Kathmandu : A Middle Ground

Kathmandu is something of a middle-ground.

With the stark intensity of traversing Indian terrain crisp in our recollections, a refuge from the inescapable animation of our most recent holiday destination was appealing (read about it here). Whilst we had no desire to entirely leave behind the seductive draw of barely controlled chaos, the opportunity to travel a country allowing a moment to catch our breath was a welcome one.

Don’t get me wrong, Nepal’s capital is unlikely to be topping anyone’s recommendations for a relaxed getaway. The landscape remains an enviable array of startling hues, the heat retains its oppressive persistence and the bartering boasts a familiar frustration. Rather, Kathmandu succeeds in striking a balance where many Asian localities find themselves on a tipped scale. Spend an afternoon haggling for dust-coated wares in the twisted alleyways of Thamel but do so sheltered from the stifling obstinacy of a crowd of merchants. Find yourself savouring the simple pleasure of a Diet Coke in Freak Street’s backpacker cafés, enjoying the unique allure of the travelling community in absence of more dreadlocked-harem-wearers than locals. Revel in the nearly indescribable atmosphere of a working city Ghats but do so with room to move between the bearded men dressed in orange. Hell, even the monkeys in Nepal appear to have had a dose of the docile, with the lazing of the Nepalese creatures a far cry from the thieving antics of their Malaysian counterparts.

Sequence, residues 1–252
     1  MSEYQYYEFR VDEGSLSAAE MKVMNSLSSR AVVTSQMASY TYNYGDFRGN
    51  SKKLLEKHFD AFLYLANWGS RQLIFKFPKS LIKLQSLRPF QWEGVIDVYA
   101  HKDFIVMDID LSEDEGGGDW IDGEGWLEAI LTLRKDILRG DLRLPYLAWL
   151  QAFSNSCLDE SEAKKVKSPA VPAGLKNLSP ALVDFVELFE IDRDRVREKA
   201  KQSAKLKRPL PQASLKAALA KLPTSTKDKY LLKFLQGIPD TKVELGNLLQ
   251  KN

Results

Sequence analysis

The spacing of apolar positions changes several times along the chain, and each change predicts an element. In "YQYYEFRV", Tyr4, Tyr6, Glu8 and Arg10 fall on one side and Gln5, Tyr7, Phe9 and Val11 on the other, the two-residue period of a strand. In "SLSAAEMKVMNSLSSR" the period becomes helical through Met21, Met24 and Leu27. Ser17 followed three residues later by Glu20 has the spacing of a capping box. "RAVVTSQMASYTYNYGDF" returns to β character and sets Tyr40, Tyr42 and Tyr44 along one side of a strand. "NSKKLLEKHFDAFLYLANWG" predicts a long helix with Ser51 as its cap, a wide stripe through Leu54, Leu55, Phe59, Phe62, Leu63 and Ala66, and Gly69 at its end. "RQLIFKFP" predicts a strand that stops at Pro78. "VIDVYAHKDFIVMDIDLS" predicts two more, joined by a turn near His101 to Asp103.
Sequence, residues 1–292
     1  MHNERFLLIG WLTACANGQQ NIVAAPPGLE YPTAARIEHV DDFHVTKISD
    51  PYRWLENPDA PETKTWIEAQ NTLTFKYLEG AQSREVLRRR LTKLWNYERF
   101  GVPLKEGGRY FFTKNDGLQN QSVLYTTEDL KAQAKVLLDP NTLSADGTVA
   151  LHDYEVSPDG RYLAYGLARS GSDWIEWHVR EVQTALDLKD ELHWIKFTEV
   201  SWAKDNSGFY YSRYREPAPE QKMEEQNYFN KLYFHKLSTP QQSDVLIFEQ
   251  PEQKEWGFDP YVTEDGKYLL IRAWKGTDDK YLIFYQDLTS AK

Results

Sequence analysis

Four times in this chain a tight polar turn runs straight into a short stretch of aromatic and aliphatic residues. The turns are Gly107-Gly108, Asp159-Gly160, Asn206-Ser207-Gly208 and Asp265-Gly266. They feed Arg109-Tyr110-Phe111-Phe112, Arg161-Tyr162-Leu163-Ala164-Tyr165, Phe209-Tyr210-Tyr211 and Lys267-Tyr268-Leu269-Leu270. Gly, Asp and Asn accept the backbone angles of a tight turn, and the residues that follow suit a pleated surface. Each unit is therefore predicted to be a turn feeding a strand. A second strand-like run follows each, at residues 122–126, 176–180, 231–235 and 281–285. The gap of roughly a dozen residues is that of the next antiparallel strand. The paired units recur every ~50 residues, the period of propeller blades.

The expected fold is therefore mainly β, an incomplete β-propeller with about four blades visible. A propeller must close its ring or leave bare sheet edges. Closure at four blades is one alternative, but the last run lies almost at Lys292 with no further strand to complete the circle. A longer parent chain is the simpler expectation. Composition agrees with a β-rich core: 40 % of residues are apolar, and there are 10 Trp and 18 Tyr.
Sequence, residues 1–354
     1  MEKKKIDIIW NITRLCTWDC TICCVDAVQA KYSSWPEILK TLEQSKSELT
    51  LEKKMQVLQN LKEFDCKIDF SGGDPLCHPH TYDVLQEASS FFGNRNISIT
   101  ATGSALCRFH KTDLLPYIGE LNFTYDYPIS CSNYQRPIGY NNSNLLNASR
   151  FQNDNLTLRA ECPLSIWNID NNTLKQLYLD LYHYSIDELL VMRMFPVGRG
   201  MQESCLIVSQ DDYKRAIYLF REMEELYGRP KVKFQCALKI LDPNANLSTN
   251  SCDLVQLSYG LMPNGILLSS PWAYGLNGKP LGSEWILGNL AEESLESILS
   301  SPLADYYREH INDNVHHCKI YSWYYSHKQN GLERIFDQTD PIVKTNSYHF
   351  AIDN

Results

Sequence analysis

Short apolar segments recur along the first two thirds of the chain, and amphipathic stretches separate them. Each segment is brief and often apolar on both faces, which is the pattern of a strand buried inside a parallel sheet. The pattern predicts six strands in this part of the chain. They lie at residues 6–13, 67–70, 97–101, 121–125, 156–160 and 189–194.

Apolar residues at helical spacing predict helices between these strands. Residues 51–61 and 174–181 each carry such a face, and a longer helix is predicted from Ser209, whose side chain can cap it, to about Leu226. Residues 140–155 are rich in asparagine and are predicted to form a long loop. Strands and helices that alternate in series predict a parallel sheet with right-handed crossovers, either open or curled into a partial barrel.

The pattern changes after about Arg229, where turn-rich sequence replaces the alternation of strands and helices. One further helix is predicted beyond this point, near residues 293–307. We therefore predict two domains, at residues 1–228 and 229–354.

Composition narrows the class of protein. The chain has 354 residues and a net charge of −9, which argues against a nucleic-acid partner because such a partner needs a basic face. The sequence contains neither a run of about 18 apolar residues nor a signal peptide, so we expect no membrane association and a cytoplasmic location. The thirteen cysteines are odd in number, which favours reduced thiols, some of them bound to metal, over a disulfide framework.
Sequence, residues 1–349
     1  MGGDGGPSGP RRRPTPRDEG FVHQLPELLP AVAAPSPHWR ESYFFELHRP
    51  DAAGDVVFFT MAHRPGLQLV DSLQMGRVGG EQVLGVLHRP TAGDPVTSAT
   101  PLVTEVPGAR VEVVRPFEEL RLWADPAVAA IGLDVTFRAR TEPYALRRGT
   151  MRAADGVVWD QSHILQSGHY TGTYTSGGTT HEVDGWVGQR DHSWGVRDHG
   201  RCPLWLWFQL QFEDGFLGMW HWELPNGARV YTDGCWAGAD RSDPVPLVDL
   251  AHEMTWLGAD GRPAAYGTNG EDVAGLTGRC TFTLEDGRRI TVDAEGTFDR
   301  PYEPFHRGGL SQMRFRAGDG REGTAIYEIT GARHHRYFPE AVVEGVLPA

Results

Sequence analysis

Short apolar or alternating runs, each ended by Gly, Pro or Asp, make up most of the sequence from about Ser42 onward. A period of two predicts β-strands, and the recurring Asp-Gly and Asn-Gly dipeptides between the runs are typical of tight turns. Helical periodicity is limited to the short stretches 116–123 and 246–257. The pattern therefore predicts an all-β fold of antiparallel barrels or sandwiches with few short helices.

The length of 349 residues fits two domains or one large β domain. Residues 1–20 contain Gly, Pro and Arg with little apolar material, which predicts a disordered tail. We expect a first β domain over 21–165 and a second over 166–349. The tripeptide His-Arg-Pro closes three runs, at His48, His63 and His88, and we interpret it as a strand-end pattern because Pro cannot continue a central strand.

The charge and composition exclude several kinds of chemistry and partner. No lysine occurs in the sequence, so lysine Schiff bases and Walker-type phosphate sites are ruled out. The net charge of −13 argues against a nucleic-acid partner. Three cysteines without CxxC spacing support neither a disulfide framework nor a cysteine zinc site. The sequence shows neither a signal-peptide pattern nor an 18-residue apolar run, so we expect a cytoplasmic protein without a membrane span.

Streets of Thamel
Monkey business

I cannot deny that the backpacker bubbles of cities such as Bangkok and Hue are potent in their wonder. Just as the pull of 50p local beer with bedraggled strangers in a hostel bar is difficult to resist, the allure of the mayhem of countries like India is one I will continue to succumb to. As such, I will not conclude that the tempered version of these qualities Kathmandu provides is necessarily an advantage. Instead, I would emphasise the unmissable rarity of an Asian city that succeeds in combining these characteristics in an artfully distressed culmination leaving you appeased rather than overwhelmed. Naturally, even with this backdrop of stability, our family holiday would be incomplete without its fair share of mishaps…

As it turns out, ‘to be or not to be’ is rarely the question.

Instead, with another family holiday to the globe’s most intense locality in its early stages, my father should have perhaps taken the time to query the sense of relying solely upon the wisdom of TripAdvisor to dictate his eating habits. With the inconveniently sensitive disposition of dear old Dad’s reaction to Asia’s cuisine no great secret, one would have thought he may have tempered his consumption. Alas, no such luck.

Swayambhunath Temple (before illness struck)

Whether one too many momos or more likely the shameful excess with which we English place all our orders (seriously, you’d have thought we’d learn our lesson as another waiter awkwardly shuffles yet another plate of food onto our table whilst we diligently avoid eye contact), it wouldn’t be a summer getaway without this family tradition. A self-diagnosis of cholera, a tear or two and some rather choice words later and my mother thought it time to take it upon herself to offer assistance to my bed-riddled father.